The music world was numbed when the news broke that former Beatle John Lennon had been shot and killed outside his New York home in December 1980.
Mark Chapman fired five bullets at Lennon from a range of three yards as he was returning to his apartment in the Dakota Building on Central Park.
It was 10.50pm on Monday December 8th and the former Beatle had just finished a recording session with his wife Yoko Ono across town.
One bullet missed and hit a window, but four struck Lennon in the back. Surgeons battled to save him at the Roosevelt Hospital on West 59th Street, but the task was hopeless.
Lennon was pronounced dead at 11.15pm, just as the Beatles’ song All My Loving was playing over the hospital’s sound system.
The outpouring of grief that followed was immense. Vigils were held in Liverpool and London while distraught fans left tributes at the Dakota Building.
On Sunday December 14th, millions around the world paused for a 10-minute silence to remember the fallen Beatle. More than 30,000 gathered in Liverpool – Lime Street was blocked – and around 225,000 congregated in New York’s Central Park.
On January 18th 1981, Ono published a full-page letter entitled ‘In Gratitude’ in the New York Times and Washington Post thanking everyone who mourned her husband’s passing.
Later that year, Ono released the song she and Lennon had been working on at the time of his murder as a single. It was called, almost prophetically, Walking on Ice.
Lennon’s final album Double Fantasy, released three weeks before his death, achieved worldwide success after an initial poor reception. It was named Album of the Year at the 1981 Grammy Awards.
Chapman, an unemployed resident of Hawaii, pleaded guilty to murdering Lennon and was sentenced to life imprisonment in 1981. He remains in Upstate New York prison having been denied parole ten times over.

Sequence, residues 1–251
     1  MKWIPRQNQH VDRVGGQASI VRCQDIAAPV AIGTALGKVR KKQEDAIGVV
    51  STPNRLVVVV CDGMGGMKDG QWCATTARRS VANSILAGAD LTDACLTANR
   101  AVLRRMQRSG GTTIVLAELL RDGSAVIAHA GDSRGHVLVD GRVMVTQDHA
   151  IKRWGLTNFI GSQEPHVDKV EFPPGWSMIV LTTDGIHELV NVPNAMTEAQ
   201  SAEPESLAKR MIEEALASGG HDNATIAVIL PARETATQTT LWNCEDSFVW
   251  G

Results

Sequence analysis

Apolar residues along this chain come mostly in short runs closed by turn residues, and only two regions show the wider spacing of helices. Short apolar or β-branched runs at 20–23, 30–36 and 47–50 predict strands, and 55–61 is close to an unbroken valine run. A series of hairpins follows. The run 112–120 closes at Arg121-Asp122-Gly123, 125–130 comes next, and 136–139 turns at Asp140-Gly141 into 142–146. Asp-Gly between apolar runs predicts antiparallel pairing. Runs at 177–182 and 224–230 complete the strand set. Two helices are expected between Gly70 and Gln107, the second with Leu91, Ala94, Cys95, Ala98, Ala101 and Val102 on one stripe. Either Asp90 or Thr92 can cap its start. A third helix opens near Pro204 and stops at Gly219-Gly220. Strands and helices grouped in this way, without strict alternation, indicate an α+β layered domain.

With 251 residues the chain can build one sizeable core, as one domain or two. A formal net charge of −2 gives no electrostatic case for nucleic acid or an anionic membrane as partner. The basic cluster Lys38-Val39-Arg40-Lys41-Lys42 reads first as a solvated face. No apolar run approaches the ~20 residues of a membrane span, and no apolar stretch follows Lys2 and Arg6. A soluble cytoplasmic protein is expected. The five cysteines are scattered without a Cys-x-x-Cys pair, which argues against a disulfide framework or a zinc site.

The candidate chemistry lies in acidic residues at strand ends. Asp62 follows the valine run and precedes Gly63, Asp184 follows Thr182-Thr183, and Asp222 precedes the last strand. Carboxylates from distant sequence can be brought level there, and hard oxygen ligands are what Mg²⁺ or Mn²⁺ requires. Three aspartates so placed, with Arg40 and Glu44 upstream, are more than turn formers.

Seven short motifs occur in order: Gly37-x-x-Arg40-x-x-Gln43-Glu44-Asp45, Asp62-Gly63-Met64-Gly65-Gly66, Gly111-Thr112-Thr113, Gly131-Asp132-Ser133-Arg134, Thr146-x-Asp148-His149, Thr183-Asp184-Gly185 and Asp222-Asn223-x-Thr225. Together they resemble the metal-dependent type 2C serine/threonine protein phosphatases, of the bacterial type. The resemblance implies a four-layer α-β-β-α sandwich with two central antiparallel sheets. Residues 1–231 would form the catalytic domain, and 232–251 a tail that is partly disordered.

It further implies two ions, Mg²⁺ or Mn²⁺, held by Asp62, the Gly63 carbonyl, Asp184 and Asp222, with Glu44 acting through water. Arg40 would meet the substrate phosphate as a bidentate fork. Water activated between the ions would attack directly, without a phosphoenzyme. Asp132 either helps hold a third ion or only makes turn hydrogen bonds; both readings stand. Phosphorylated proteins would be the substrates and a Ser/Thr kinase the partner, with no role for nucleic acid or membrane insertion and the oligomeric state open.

Lennon’s last years have been captured in a series of photos from the Liverpool Echo archive. His final concert was at Madison Square Garden in New York in August 1972.
He took to the stage with American group Elephant’s Memory, also known as the Plastic Ono Band, to raise money for the Willowbrook State School.
Lennon’s last live performance with the Beatles was the spontaneous rooftop concert at the Apple building in Savile Row, London, on Thursday January 30th 1969.
Office workers on their lunch break craned out of their windows as the Beatles played for 42 minutes before the Police told them to turn down the volume. Part of the impromptu gig was filmed for the movie Let It Be.
Billy Preston was brought in by George Harrison to play keyboards as the Beatles had planned to record a live session – the only problem was where.
Ringo Starr suggested the rooftop after rejecting the Palladium or the Sahara as they would have to take ‘all their stuff’ with them!
The volume was strictly more muted when Lennon and Ono staged their famous week-long bed-in for peace at the Amsterdam Hilton in March 1969. The couple were officially on honeymoon in the presidential suite.
Placards were created with the slogans Hair Peace and Bed Piece as the couple, in pajamas, entertained the world’s press.
In July 1971, Lennon was photographed with Ono in London to launch the second edition of her conceptual art book Grapefruit.